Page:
The Olympics tries to verify athletes are “real women”

This story in the NYTimes definitely brings up some interesting debates in the gender and sports arena. Basically the Olympics has a shady history of trying to verify female athletes gender identity. This ranges from forcing the athletes to strip naked and inspected by judges to other varied tests including chromosomal typing and hormone testing.

At first, women were asked to parade nude before a panel of doctors to verify their sex. At the 1968 Olympics in Mexico City, officials switched to a chromosomal test.

For a period of time these tests were mandatory for female athletes (not male ones). The NYTimes article suggests it was due to fears that male athletes would pose as female athletes and have an unfair advantage over their competitors. It seems this has only actually happened once, however, and it was not discovered with any of these tests. For this years Olympic games, a lab is being set up in Beijing that is prepared to investigate any gender-based claims if they arise, as they no longer require these exams of all female athletes.

There are some many issues with this, I don’t really know where to begin. First off there is the sexism behind a practice which only targeted female athletes. Not only is it unfair, it borders on sexual harassment to require these women to parade naked in front of anyone. Disgusting.
Second, there is the sexist assumption underlying this that men are inherently better at sports than women (an idea that many, including me, would argue against) such that someone might try to sneak into the women’s competition to have an advantage. I think athletic ability varies based on a lot of factors and it is overly simplistic to assume gender will be such a strong determinant.
Third is the idea that gender or sex can be conclusively proven. They hint at this in the NYTimes piece and talk about the different means they have used over the years to test these athletes gender. One of the strongest arguments against the gender binary comes from the varying (and difficult to pin down) definition of what constitutes a man and what constitutes a woman. When pressed for a definition, some people say genitalia, others chromosomes, others the ability to bear children and others hormone levels. For all of these there are examples that can be given for exceptions to the rule: infertile women, genital variances, intersex people, varying hormone levels, etc.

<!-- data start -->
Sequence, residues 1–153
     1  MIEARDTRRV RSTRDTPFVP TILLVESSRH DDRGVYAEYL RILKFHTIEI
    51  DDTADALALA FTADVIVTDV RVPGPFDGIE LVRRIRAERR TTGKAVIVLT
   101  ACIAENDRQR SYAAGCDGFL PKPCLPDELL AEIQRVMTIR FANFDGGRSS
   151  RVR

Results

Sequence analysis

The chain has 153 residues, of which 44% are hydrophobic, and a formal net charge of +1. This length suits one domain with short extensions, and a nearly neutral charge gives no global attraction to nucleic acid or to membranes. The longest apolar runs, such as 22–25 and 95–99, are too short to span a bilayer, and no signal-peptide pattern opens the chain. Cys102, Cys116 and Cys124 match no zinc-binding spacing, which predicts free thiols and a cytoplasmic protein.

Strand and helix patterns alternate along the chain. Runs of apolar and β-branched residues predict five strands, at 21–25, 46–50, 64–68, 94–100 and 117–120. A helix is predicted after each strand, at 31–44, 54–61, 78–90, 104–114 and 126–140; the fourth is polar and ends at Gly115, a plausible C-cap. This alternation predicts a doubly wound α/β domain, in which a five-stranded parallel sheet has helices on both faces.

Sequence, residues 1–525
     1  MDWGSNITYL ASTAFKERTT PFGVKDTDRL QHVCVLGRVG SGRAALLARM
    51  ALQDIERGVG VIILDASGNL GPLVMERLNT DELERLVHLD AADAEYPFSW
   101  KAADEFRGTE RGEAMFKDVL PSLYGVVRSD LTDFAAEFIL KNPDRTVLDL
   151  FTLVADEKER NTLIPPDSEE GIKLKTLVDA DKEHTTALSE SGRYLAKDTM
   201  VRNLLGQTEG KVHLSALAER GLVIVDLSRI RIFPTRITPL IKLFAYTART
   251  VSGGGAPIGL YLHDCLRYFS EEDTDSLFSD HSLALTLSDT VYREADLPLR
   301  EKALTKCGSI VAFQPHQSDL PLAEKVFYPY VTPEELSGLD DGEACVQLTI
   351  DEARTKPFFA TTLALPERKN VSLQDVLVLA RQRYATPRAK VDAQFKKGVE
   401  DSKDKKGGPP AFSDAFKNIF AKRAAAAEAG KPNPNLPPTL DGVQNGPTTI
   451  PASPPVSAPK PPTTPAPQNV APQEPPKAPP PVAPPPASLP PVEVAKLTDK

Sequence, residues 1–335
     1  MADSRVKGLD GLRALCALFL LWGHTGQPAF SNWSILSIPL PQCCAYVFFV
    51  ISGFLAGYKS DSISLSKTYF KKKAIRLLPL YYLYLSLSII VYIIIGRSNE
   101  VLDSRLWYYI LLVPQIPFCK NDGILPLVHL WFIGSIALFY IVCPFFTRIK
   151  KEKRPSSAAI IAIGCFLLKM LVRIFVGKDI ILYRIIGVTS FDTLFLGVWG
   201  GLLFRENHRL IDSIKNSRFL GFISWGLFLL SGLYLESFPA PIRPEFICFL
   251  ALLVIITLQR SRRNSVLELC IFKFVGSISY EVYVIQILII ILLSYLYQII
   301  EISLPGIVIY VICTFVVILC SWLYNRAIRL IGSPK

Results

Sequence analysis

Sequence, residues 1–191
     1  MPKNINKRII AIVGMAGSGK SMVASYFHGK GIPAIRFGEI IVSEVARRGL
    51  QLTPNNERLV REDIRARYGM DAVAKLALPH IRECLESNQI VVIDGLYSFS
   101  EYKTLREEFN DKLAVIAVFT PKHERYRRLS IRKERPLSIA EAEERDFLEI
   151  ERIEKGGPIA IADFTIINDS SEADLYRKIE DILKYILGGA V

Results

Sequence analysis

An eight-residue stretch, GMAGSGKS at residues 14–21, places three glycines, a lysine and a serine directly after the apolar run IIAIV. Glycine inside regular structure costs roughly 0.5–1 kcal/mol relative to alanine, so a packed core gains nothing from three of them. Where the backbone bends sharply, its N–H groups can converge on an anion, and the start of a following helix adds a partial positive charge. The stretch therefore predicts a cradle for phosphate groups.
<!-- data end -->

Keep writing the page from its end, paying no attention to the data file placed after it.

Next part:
Although the verification test has changed to adapt to new scientific understandings about gender — athletes are now evaluated by an endocrinologist, gynecologist, a geneticist and a psychologist — critics say the test is based on the false idea that someone’s sex is a cut-and-dried issue.”It’s very difficult to define what is a man and what is a woman at this point,” said Christine McGinn, a plastic surgeon who specializes in transgender medicine. Because of a range of genetic conditions, people who look like women may have a Y chromosome, while people who look like men may not, she said. Many times, the people do not learn of the defects until they reach adulthood. “It gets really complicated very quickly,” McGinn said.

As people (and science’s) understanding of the complexities of gender (and perhaps the validity of a spectrum framework rather than a binary one) increase, we will continue to have to adapt our gendered practices. What could this mean? An end to gendered sports? Despite my feelings about the gender binary, women’s sports have played a pretty big (and satisfying) role in my life.
What do you all think?

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